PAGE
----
Knowledge at Wharton: When it comes to entering the Canadian retail market, there are ways to do it. Unlike Wal-Mart (which, like Target, made a big splash by snapping up a lot of sites from a failed retailer), other companies that have tried to get into the market have started with a handful of locations in different parts of Canada, and tried to build up and expand from there. Maybe Target needed to think that way.

Dahlhoff: J. Crew is an excellent example of that. They entered Canada in, I think, 2011. And they opened one store in Toronto because they knew they had a fan base there. They tested the waters. In fact, they got feedback early on because also their prices were higher than in the U.S. So people were upset, but they did respond. They actually lowered their dues on their online orders, and they had a flat shipping fee. So they appeased the customers, and then rolled out more stores. They are now up to 16 [stores]. Also, at the beginning they only had the women’s line and now they have men’s [too]. So it’s going really great. They learned the market and expanded from there.

Knowledge at Wharton: Do you think that there’s at least some thought in the back of the minds of executives at Target [to the effect of], “Look, let’s regroup on this. Let’s take a while and really think about this for some time and then maybe, you know, five — 10 years down the road — we can start thinking about maybe going back.”

Prentice: You know, there’s an old expression: “Once bitten. Twice shy.” I’m not so sure whether they would want to risk that again.… Maybe if they had only entered, say the Ontario marketplace, and tried to settle there — they may have been able to establish a distribution center and serve that market effectively and learn. You know, another one of these old expressions is that “When you stand up to hit a home run, it’s pretty easy to swing out.” And I think they were looking for a home run here, and that was part of the problem.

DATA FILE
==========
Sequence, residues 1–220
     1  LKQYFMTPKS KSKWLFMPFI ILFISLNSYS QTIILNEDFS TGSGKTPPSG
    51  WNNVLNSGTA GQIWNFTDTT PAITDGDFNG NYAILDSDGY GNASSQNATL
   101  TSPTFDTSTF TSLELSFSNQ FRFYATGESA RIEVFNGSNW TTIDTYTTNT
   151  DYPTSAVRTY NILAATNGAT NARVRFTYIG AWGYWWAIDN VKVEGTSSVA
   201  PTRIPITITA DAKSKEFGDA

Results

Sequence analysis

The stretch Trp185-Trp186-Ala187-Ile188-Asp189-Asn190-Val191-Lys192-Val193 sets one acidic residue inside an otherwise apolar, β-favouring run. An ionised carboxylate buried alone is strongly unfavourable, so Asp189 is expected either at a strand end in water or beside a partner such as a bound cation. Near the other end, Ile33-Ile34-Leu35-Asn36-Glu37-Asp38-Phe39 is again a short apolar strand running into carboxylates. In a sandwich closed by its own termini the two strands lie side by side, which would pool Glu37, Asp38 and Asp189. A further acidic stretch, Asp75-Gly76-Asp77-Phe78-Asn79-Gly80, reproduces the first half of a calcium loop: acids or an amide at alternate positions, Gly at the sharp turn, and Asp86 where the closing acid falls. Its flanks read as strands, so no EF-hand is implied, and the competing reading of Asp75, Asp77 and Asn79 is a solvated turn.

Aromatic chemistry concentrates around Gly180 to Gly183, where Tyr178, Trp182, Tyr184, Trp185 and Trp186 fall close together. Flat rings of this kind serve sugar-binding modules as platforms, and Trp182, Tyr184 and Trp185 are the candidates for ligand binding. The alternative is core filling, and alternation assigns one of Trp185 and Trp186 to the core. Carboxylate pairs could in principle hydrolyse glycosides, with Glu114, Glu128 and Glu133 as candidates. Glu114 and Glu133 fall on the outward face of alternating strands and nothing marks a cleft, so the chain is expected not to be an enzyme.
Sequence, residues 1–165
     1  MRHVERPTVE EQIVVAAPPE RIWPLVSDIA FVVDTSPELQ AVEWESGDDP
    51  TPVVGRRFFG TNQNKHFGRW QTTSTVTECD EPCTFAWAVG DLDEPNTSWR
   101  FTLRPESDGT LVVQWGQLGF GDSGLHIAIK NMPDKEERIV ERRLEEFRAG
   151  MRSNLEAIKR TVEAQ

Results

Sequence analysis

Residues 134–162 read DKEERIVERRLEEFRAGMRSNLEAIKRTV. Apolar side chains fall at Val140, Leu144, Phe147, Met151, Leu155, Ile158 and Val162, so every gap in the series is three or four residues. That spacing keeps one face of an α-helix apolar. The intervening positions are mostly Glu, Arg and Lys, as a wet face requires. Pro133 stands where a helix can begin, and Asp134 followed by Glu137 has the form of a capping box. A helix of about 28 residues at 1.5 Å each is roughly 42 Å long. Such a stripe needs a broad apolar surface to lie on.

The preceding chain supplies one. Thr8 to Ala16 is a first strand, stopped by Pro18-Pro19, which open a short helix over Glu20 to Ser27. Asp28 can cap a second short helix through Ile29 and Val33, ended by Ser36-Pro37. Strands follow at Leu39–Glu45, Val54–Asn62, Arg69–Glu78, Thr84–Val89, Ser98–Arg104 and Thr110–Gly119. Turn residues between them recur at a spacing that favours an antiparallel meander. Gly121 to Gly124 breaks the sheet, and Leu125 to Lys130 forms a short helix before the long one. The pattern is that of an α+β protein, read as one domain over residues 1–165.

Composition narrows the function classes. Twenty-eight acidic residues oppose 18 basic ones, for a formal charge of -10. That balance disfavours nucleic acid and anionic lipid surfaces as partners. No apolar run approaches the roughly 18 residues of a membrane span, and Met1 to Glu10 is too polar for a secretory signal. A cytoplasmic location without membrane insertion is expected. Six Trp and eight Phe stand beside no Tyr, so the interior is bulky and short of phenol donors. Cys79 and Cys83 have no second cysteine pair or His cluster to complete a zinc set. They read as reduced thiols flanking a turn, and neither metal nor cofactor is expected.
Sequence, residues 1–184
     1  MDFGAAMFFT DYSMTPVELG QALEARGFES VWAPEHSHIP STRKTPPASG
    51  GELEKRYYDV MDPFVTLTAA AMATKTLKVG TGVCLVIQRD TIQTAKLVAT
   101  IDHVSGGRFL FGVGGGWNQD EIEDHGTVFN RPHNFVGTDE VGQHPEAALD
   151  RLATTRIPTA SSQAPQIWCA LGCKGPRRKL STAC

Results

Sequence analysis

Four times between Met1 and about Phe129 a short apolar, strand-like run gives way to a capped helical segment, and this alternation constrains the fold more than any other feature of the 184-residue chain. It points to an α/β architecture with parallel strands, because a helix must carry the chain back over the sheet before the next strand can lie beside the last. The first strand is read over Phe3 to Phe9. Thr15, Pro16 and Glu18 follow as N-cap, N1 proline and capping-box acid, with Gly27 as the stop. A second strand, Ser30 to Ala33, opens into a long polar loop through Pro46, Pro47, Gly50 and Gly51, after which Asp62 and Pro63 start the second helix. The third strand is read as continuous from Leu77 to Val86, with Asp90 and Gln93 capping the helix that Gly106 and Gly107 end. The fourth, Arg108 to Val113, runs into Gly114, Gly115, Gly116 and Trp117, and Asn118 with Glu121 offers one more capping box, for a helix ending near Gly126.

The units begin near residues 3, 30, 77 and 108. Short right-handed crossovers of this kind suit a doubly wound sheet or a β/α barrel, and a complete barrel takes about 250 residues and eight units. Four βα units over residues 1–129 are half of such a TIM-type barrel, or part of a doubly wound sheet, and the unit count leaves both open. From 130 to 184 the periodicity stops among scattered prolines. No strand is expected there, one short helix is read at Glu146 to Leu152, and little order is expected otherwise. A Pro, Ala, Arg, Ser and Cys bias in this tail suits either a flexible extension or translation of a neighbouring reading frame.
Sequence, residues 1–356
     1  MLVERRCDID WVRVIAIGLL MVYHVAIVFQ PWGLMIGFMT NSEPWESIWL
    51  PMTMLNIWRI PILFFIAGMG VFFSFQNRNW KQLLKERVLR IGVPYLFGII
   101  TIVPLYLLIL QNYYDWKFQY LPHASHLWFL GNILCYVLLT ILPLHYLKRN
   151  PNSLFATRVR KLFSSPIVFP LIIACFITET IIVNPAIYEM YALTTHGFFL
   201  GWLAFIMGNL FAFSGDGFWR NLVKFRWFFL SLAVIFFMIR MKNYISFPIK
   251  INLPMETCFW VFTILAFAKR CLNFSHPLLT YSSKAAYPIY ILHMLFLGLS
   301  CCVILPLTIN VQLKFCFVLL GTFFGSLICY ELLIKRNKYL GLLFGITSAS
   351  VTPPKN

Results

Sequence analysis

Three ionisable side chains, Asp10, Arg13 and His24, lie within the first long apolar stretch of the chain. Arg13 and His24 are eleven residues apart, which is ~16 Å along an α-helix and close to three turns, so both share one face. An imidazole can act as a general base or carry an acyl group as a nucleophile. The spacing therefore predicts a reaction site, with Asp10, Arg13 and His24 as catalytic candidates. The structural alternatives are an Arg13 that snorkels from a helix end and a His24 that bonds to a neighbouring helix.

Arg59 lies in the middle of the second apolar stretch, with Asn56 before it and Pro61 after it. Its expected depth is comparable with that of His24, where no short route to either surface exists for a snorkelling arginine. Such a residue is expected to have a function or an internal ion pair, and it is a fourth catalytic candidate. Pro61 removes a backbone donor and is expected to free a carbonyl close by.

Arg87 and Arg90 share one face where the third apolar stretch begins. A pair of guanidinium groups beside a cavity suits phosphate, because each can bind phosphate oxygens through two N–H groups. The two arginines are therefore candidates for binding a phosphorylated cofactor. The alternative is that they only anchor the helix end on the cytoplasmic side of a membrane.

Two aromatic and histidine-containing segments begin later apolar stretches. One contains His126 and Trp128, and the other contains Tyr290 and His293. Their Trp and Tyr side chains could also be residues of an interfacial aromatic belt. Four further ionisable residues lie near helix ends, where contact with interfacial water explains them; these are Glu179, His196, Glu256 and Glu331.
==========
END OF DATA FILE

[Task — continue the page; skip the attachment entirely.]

Dahlhoff: I think for now they will just focus on domestic. I wouldn’t exclude [the possibility that Target would try again]. Maybe they can actually start more with online.… But I don’t anticipate them trying again so soon.

Knowledge at Wharton: Let’s talk about the particular value proposition that Target offers the market, and whether or not that particular niche should have been as good a fit in Canada.

Dahlhoff: If you enter as competitive a market as the Canadian discount segment, you have to have something unique and special. And I think they failed to deliver that in Canada. [Customers] wanted the exact same Target from the U.S., and they didn’t get that. And I think that was the reason why customers didn’t respond the way Target probably expected them to respond.